Running BIND on Ports 53 and 54
01 -A PREROUTING -i eth0 ! -d 10.1.2.1/32 -p udp --dport 53 -j LOG 02 -A PREROUTING -i eth0 ! -d 10.1.2.1/32 -p tcp --dport 53 -j LOG 03 -A PREROUTING -i eth0 ! -d 10.1.2.1/32 -p udp --dport 53 -j REDIRECT --to-port 54 04 -A PREROUTING -i eth0 ! -d 10.1.2.1/32 -p tcp --dport 53 -j REDIRECT --to-port 54
If client 10.1.2.3 requests DNS records from Google (18.104.22.168), this will result in iptables logs such as,
Feb 23 20:14:45 firewall kernel: IN=eth0 OUT= MAC=[mac] SRC=10.1.2.3 DST=22.214.171.124 LEN=62 \ TOS=0x00 PREC=0x00 TTL=63 ID=12132 PROTO=UDP SPT=63422 DPT=53 LEN=42
and in named logs such as:
23-Feb-2014 20:14:45.375 queries: client 10.1.2.3#63422: query: \ www.seifried.org IN A + (10.1.2.1)
Note that the second/minute/hour/day/year might be off – for example, if a packet comes in 23:59:59 toward the end of the second and is forwarded and then processed/logged at 00:00:01 the next day. This is unlikely to happen with local
REDIRECT rules but is likely to happen with DNAT to another server (because of network latency).
One way to deal with this is to log the data into a MySQL database, for example, using one table for the BIND logs and one for the outgoing connection logs. The IP and source port will be the same, and then you can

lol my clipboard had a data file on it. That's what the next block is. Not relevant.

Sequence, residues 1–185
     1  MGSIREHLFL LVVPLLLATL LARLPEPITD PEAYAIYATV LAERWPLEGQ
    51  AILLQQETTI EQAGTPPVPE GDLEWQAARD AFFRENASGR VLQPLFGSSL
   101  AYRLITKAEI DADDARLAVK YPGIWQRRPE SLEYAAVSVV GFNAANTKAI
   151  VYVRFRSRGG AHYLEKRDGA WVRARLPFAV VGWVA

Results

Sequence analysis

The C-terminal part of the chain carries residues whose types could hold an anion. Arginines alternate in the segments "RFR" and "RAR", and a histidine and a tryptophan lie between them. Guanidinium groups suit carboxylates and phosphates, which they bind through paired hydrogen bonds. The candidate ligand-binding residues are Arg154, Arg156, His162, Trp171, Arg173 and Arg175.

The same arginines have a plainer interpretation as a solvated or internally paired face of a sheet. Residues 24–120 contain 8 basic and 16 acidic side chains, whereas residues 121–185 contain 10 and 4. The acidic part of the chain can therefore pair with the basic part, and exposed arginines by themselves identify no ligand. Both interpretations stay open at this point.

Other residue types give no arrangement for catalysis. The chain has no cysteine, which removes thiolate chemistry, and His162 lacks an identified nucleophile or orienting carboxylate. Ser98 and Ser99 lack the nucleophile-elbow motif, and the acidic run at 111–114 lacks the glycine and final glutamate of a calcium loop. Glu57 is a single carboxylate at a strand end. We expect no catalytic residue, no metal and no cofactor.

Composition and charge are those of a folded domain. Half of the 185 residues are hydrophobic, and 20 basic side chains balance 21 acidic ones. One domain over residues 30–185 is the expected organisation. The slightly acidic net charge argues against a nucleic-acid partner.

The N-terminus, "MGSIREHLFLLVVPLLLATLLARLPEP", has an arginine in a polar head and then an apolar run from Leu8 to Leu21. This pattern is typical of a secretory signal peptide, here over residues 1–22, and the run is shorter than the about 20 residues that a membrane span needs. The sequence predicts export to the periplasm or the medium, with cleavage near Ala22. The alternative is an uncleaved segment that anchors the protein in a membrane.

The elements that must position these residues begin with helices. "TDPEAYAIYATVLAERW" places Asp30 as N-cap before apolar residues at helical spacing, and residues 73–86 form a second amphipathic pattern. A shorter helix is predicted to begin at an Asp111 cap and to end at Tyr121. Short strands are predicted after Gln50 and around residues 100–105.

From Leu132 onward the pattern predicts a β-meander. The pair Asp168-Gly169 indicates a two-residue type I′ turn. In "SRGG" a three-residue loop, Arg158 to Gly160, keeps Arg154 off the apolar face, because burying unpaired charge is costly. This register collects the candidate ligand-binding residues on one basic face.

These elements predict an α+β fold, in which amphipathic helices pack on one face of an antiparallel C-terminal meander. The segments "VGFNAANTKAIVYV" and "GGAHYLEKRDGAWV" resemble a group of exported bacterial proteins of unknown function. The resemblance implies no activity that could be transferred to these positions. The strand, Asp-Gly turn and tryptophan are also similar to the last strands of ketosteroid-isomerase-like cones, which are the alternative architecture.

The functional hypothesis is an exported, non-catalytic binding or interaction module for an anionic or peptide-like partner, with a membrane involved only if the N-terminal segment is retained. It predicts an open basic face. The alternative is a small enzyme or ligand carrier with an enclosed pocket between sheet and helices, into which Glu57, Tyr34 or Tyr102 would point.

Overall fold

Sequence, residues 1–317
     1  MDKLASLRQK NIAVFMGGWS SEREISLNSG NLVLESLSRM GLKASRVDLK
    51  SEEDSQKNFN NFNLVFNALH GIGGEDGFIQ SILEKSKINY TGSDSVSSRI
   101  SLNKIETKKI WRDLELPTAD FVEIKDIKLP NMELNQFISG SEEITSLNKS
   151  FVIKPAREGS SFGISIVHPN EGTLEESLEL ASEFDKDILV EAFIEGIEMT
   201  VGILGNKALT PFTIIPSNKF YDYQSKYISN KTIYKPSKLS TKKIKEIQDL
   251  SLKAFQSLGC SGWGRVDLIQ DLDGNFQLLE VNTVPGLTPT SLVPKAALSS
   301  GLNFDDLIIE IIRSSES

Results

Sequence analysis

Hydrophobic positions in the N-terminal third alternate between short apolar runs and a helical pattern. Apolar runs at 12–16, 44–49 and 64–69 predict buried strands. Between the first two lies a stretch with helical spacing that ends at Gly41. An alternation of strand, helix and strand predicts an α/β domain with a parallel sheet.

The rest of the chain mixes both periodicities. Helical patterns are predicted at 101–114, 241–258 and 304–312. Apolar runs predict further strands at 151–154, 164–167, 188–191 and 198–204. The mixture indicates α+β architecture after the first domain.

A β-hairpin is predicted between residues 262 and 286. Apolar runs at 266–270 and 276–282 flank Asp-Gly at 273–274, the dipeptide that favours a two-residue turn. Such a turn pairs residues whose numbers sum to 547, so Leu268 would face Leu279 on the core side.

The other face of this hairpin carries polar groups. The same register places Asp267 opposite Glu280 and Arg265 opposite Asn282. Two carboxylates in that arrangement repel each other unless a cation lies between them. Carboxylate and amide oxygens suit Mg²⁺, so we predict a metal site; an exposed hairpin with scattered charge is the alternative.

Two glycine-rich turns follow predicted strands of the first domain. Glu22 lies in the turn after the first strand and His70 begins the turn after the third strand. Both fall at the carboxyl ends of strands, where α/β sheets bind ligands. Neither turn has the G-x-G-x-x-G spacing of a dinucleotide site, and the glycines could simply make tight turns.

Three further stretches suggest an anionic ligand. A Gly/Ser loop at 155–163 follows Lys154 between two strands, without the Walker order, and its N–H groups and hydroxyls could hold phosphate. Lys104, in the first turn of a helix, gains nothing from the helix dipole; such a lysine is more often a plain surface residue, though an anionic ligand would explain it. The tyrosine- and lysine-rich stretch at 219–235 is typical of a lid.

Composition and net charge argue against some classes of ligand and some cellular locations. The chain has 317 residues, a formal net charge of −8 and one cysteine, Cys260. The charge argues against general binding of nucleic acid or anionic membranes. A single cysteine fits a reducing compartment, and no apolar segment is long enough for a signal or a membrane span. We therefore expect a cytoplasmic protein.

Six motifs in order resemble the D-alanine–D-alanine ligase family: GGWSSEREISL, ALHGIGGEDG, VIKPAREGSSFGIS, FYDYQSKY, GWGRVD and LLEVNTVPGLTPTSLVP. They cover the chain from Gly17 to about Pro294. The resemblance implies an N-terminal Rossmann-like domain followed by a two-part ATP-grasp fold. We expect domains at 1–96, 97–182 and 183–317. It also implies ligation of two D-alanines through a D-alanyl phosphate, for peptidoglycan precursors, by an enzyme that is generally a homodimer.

SELECT for time using a range of a few seconds, for example,
WHERE creation_time BETWEEN '2013-12-31 23:59:50' AND'2014-01-01 00:00:00'
in addition to the source IP and port.
Make sure all the clocks on all the systems generating logged events are synchronized, definitely against each other, and ideally to the correct time as well. Please note that if you are logging at various levels (e.g., incoming packets in iptables, then the actual request processing in BIND, and the web proxy in Squid), the timestamps will most likely vary by tens to hundreds of milliseconds or more. If logging occurs after a request is processed, some requests will take seconds or even minutes to process.
Note that you will probably see a lot of suspicious-looking behavior that is in fact legitimate. For example, Google's Chrome web browser attempts to speed things up by looking up the DNS entries for all links on a page.
Thus, if you click a link the DNS has already resolved, you save tens to hundreds of milliseconds. Google Chrome will also attempt to look up domain names as items are typed into the address bar. For example, when you are typing a .com domain, Google will look up the record for whatever you are typing in the .co (Colombia) top-level domain.
Because many new top-level domains start with .co, .ca, and so on, you will see a lot of outgoing DNS requests for things users are not actually interested in seeing. Also, even if you are blocking replies from a certain server, BIND will still make the outgoing query. Once the reply is returned, then BIND will block it, so you will most likely still see outgoing connections to servers you have blocked.
Finally, the more logs you have, the more likely you are to have useful data. I'm slowly moving to a "log everything" strategy, including logging all HTTP queries through a transparent proxy, HTTPS queries where possible using an HTTPS proxy, all outgoing connections/packets (TCP, UDP, ICMP, etc.), all email using an email proxy, and so on. I'm not sure if the data will be useful, but at least I will have the data to look at to make that determination.